The United Nations is providing training for young people to become entrepreneurs in the Philippines as a way to reduce poverty and stop the labour force from migrating to other countries.
Through the Alternatives to Migration: Decent Jobs for Filipino Youth joint programme, young people are encouraged to take advantage of opportunities close to their homes rather than leaving for Manila, the capital, or abroad.
According to the International Labour Organization (ILO), one third of the Philippines population live in poverty, and the country ranks among the world’s top exporters of labour. In 2010, a total of 1.1 million Filipinos – not including seafarers – headed abroad for work, according to the Government. This translates into some 3,000 people leaving every day, and the ILO estimates that youth make up more than a third of these migrant workers.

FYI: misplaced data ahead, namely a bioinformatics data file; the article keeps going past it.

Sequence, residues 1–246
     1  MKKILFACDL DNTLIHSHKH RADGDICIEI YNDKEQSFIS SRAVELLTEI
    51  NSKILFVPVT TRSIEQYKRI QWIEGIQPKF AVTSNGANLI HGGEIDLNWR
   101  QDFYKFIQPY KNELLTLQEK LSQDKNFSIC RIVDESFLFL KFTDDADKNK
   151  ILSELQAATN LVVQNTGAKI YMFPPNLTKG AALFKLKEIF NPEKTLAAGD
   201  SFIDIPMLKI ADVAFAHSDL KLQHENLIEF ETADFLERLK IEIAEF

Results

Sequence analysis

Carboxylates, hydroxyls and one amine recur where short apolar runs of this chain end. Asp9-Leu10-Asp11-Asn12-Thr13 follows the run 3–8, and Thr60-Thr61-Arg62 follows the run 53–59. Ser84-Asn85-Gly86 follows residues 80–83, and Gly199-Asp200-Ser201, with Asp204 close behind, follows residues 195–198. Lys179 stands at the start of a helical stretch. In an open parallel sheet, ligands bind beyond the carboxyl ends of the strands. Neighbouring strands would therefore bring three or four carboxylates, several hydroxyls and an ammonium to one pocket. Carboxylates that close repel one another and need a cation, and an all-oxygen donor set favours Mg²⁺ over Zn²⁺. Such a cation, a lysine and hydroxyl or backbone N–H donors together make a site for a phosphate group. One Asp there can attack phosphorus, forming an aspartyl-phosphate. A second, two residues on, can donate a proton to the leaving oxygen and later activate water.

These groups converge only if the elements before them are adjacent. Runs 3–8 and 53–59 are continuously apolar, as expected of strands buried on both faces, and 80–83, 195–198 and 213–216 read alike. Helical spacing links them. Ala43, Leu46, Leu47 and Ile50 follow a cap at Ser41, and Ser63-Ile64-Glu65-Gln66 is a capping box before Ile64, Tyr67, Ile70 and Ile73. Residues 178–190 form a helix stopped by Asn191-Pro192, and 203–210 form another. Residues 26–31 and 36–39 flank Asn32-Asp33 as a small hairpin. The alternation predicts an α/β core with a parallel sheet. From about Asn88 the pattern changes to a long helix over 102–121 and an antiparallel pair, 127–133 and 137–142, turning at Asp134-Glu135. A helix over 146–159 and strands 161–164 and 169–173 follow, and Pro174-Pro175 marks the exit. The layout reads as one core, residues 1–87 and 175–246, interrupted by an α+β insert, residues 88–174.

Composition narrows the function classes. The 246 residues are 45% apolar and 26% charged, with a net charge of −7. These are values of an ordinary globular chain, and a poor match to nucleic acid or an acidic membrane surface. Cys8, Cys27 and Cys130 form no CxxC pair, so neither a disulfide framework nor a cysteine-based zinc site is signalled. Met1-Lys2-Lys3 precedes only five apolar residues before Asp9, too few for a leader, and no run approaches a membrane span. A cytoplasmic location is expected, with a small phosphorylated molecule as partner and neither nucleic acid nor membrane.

The joint programme focuses on four of the Philippines’ poorest provinces – Masbate, Antique, Maguindanao and Agusan del Sur – where the incidence of out-of-school and poor youth is high and school enrolment rates are low. It consists, among other things, of local instructors providing counselling, consultancy and mentoring services for the beneficiaries during the implementation of their projects.
The project is implemented through the ILO, the UN Children’s Fund (UNICEF), the International Organization for Migration (IOM) and the Philippines’ Department of Labour and Employment.
In addition to pig farming, other viable plans for small-scale entrepreneurship include convenience stores, fish vending and internet cafes.